The decision by U.S. District Judge George H. King delighted the plaintiffs, who portrayed their lawsuit as a David-versus-Goliath battle over the so-called “birthday song.”
“‘Happy Birthday’ is finally free after 80 years,” Randall Newman, an attorney for the plaintiffs, told the Los Angeles Times. “Finally, the charade is over. It’s unbelievable.”
Warner/Chappell, the publishing arm of Warner Music, told the newspaper that the company is “looking at the court’s lengthy opinion and considering our options.”
Tuesday’s ruling could have a much broader impact than money from licensing fees or even movie scenes, however. Instead, it could allow businesses of all types — from TV shows to Broadway plays to greeting cards to your local restaurant — to use “Happy Birthday” without fear of a lawsuit.
“Warner/Chappell has been squeezing money out of a lot of people for a long time,” Michael Donaldson, an attorney at Donaldson + Callif who has represented several of the plaintiffs in the past, told The Washington Post.
“The song belongs to the American people.”
Many Americans will be surprised that its ownership was ever in doubt. “Happy Birthday” is sung millions — perhaps billions — of times every year, all around the globe, at home, in schools, on television and in movies. It “is quite likely the most sung music in history, including all the output of the three B’s, Beethoven, Bach and The Beatles,” according to the Songwriters Hall of Fame.
Despite its ubiquity, however, “Happy Birthday to You” has been claimed by Warner since 1988, when the company bought its copyright. That meant that anyone wanting to use the song for commercial purposes — such as in a film, Broadway play or on television — would have to pay at least $1,500.
Lots of people did. Warner/Chappell makes an estimated $5,000 per day, or $2 million per year, licensing the rights to the song. (Donaldson, the entertainment attorney, said that number is low. “I think when they dig into it, it’s going to be a lot more than $2 million per year,” he told The Post.)
In 2013, however, a group of filmmakers sued Warner/Chappell, arguing that the company didn’t actually own the song and, therefore, couldn’t charge people to use it.
For two years, and in several federal courts, both sides have dropped documentary bombs on the other.
Most recently, Jennifer Nelson, a former X-Games biker turned filmmaker who is not only a plaintiff in the case but is also making a documentary about the song and the legal battle, unearthed “a proverbial smoking-gun” that “proves conclusively that there is no copyright to the Happy Birthday lyrics.”
The “proof”: a 1922 songbook containing “Happy Birthday” but no copyright, a finding that, Nelson and her attorneys argued, undermined Warner/Chappell’s claim to ownership.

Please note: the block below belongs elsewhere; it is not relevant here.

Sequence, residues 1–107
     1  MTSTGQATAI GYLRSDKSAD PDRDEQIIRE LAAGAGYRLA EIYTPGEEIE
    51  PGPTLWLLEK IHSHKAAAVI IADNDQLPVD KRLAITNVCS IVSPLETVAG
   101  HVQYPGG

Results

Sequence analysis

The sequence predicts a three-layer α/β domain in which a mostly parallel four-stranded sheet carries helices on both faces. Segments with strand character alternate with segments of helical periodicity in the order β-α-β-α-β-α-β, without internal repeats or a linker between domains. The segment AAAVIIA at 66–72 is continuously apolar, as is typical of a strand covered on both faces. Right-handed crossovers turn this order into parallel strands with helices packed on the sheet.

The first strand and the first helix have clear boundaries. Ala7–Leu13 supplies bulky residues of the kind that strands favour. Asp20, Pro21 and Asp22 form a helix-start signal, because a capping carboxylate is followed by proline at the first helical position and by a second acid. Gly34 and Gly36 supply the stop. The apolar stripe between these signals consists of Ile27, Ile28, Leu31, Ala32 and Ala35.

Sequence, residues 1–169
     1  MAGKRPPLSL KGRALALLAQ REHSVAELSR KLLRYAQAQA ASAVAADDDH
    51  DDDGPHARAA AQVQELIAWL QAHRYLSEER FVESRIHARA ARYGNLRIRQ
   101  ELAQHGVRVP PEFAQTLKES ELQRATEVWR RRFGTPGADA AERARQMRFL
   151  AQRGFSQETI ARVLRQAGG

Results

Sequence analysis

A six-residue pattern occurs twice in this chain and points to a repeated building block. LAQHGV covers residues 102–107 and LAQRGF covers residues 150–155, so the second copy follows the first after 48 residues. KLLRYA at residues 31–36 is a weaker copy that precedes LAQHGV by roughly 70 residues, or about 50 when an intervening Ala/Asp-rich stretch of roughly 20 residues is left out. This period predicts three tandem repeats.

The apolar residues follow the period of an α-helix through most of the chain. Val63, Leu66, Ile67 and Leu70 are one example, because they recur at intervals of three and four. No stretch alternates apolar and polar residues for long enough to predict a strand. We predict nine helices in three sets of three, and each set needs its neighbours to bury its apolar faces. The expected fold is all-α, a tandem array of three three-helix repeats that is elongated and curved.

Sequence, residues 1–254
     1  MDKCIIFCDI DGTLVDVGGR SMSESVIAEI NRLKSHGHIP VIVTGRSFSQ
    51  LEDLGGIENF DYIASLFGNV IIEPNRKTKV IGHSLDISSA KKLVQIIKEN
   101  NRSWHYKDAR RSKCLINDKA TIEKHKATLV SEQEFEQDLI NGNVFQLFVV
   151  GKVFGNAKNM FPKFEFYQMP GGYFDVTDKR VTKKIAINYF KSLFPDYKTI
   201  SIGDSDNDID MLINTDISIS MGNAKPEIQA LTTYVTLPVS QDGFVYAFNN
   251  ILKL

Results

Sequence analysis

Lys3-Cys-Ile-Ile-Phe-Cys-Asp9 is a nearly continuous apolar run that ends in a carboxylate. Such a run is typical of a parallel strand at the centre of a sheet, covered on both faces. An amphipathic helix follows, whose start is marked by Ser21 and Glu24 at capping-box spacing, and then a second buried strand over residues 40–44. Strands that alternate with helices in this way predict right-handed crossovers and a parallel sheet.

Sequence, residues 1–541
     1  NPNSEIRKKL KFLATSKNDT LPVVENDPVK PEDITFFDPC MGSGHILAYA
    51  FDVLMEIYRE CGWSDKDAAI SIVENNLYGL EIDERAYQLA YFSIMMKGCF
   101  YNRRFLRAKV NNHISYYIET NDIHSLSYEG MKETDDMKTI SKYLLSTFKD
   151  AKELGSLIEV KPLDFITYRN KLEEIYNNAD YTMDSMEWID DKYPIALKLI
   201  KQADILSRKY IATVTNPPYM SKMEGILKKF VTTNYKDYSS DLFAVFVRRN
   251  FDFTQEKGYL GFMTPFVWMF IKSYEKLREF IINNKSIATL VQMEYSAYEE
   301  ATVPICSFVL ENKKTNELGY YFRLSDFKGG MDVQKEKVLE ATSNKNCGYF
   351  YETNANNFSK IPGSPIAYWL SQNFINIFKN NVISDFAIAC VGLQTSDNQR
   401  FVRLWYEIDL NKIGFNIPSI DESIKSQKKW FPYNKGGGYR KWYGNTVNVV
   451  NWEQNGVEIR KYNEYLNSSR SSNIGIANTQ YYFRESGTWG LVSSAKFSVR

Warner/Chappell “should admit defeat but they won’t because too much money is at stake,” Newman said at the time.
Indeed, Warner/Chappell did not admit defeat. Instead, the company dropped a document of its own: a long-lost copy of the 1935 copyright that Warner purchased half a century later.
On Tuesday, Judge King finally weighed in on the not-so-happy song scuffle. In his 43-page decision, King retraced the tangled roots of the song, from its alleged creation by Patty Hill, a pioneering Kentucky kindergarten teacher, and her older sister Mildred in 1889 to its widespread adoption during the early 20th century.
Then the judge came down firmly against the corporation.
King ruled that Warner/Chappell’s claim to the “Happy Birthday” lyrics were simply not supported by the facts. The Hill sisters “did not try to obtain federal copyright protection” and so could not pass those rights on to another company, and eventually to Warner, King wrote. And when a copyright was registered in 1935, it was for a particular piano melody, not the lyrics, King pointed out. Besides, by then “Happy Birthday” was already solidly in the public domain.
The decision means that the plaintiffs — and possibly many other people, from filmmakers to greeting card companies and restaurant chains, all of whom have paid Warner/Chappell to use the song — will get their money back, Donaldson said. The next step is a class-action suit, he said, the scope of which will, once again, be decided in court.
But Donaldson said that Tuesday’s decision is about more than money. It’s about the little guys.
“Everybody in their daily lives has to deal with big companies, big companies that tell them ‘you have to do things our way because we’re big and you’re just a little individual,'” he said. “And here it is, a whole bunch of little individuals got together and they took it to court and won. That’s always a victory.
“When you see a group go to court and win, whether it’s for overtime pay or the Happy Birthday song or being charged too much by a bank, that’s always a victory for everybody,” Donaldson added. “It sort of makes everybody understand that the system also works for the individual as well as big companies. I know sometime we lose faith that, that’s true, and then we see a case like this and you say: ‘Yeah, the system’s still working.’”
So happy birthday, America. Go ahead and sing.
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